Selling, general and administrative expenses declined 0.6 percent, to $3.14 billion, in the quarter in spite of the addition of 71 stores. The retailer will open 75 stores this year and expects to open 12 units in 2010. “We continue to generate in excess of $4 billion cash flow from operations and expect to reinvest $2 billion in our retail business,” Steinhafel said. “We’re on track to retire our debt maturities this year with internally generated cash flow. We would only approach the term debt markets this year if some unique opportunity were to present itself.”

Year-to-date net income fell 9.8 percent to $1.12 billion, or $1.48 a diluted share, as sales dropped 1.2 percent to $28.93 billion. The company now expects full-year EPS of $2.97, assuming second-half EPS of $1.49.

Shares of Target rose $3.11, or 7.6 percent, to close at $44.32 following Tuesday morning’s earnings news.

 

At TJX, Carol Meyrowitz, president and ceo, said the company still has plenty of growth ahead as shoppers adjust their spending habits.

“Value is winning in this environment and we believe that it’s here to stay,” said Meyrowitz on a conference call with analysts Tuesday. “We are extremely well positioned for today and the future….We can double the size of this company over the long term.”

Already, TJX is the nation’s largest off-price retailer and one of retailing’s largest players, selling branded goods at cut-rate prices through its T.J. Maxx and Marshalls chains and posting annual sales of $19 billion last year. The Framingham, Mass.-based firm, which operates 2,690 stores globally, plans to increase its store count by 90 this year and slightly more than that next year.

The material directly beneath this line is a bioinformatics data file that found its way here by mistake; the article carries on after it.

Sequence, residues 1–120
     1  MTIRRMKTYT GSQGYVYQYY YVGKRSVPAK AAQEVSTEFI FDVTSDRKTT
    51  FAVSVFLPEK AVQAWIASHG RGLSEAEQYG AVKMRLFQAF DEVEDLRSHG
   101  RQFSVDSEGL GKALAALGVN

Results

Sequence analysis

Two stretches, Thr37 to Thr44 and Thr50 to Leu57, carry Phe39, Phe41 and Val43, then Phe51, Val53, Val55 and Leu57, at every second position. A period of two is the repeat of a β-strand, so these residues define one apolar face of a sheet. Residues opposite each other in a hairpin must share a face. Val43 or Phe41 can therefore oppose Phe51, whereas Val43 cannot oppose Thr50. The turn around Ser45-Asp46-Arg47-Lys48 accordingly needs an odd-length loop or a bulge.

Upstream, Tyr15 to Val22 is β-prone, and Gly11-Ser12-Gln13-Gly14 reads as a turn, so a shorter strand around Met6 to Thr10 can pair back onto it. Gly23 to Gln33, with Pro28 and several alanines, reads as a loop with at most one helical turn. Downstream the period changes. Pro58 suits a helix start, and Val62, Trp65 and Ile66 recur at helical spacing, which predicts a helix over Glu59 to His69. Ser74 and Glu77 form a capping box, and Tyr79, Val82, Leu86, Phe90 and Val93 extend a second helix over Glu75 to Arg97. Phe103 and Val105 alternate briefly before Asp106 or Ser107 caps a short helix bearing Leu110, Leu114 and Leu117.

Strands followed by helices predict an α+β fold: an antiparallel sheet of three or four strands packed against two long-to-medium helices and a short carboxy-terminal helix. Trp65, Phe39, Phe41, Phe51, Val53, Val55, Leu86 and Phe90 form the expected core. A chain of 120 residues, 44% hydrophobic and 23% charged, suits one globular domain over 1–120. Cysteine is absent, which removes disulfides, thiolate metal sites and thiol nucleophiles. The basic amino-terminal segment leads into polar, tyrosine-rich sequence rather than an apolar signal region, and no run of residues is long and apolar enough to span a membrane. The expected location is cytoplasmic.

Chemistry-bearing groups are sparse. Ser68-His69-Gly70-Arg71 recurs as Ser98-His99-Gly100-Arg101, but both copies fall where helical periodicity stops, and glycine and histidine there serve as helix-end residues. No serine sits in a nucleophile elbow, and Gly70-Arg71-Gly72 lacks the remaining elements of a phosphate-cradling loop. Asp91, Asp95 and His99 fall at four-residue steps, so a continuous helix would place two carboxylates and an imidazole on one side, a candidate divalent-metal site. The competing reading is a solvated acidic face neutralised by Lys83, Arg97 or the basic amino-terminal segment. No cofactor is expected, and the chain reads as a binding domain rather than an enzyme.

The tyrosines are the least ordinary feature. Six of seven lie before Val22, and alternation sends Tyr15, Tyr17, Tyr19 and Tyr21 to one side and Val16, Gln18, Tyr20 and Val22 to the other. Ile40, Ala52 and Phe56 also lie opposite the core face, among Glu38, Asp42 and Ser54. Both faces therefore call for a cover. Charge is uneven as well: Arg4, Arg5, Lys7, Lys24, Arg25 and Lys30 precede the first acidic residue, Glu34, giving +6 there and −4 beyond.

In the second quarter, net income grew to $261.6 million, or 61 cents a diluted share, from $200.2 million, or 45 cents, a year earlier. On average, analysts expected EPS of 61 cents in the just-concluded quarter.

Sales for the three months rose 4.2 percent to $4.75 billion from $4.55 billion, with the Marmaxx unit, consisting of T.J. Maxx and Marshalls, up 6.4 percent to $3.15 billion. Comparable-store sales rose 4 percent, led by HomeGoods’ 9 percent increase. A.J. Wright was up 5 percent and Marmaxx was ahead 4 percent.

Gross margin increased to 25.6 percent of sales from 24.3 percent and inventories remain unchanged at $3.1 billion.

TJX said full-year earnings would rise to $2.26 to $2.38 a share, a range that covers Wall Street’s consensus estimate of $2.36. Third-quarter EPS is expected to land between 62 cents and 68 cents, versus the consensus estimate of 63 cents.

Jefferies & Co. analyst Randal Konik said the company’s guidance for the year seemed “a tad light” and suggested its ability to turn in earnings that exceed expectations was on the wane.

“The risk for TJX is slowing momentum,” Konik wrote in a research note. “Today, TJX is riding a wave of accelerating sales and earnings against a difficult backdrop. Furthermore, this company’s traffic and margin trends are up versus the rest of retail being down. This is good today, but can change in trend at any time given a volatile consumer.”

With that sentiment in mind, investors drove shares of the firm down $1.05, or 3 percent, to $34.33 Tuesday. (For more stock results, see story, page 14.)

For the first half, TJX’s profits increased 19.5 percent to $470.8 million, or $1.09 a diluted share, from $394.1 million, or 88 cents, a year earlier. Sales advanced 2.8 percent to $9.1 billion from $8.86 billion in the first half of 2008.